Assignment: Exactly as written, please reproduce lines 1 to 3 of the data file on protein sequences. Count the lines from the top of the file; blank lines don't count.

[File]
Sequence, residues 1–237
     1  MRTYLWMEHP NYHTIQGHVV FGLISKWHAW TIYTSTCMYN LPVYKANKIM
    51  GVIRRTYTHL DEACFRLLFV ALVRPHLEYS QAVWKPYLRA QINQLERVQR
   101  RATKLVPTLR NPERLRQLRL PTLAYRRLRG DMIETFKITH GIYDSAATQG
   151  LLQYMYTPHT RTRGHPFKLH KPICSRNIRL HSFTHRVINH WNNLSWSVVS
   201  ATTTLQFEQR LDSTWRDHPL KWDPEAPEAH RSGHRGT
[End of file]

Sequence, residues 1–237
     1  MRTYLWMEHP NYHTIQGHVV FGLISKWHAW TIYTSTCMYN LPVYKANKIM
    51  GVIRRTYTHL DEACFRLLFV ALVRPHLEYS QAVWKPYLRA QINQLERVQR